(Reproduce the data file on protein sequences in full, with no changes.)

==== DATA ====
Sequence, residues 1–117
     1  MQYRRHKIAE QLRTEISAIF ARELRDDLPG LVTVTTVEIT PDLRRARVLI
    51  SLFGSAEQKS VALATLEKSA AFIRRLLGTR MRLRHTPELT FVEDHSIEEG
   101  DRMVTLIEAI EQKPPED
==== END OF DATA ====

Sequence, residues 1–117
     1  MQYRRHKIAE QLRTEISAIF ARELRDDLPG LVTVTTVEIT PDLRRARVLI
    51  SLFGSAEQKS VALATLEKSA AFIRRLLGTR MRLRHTPELT FVEDHSIEEG
   101  DRMVTLIEAI EQKPPED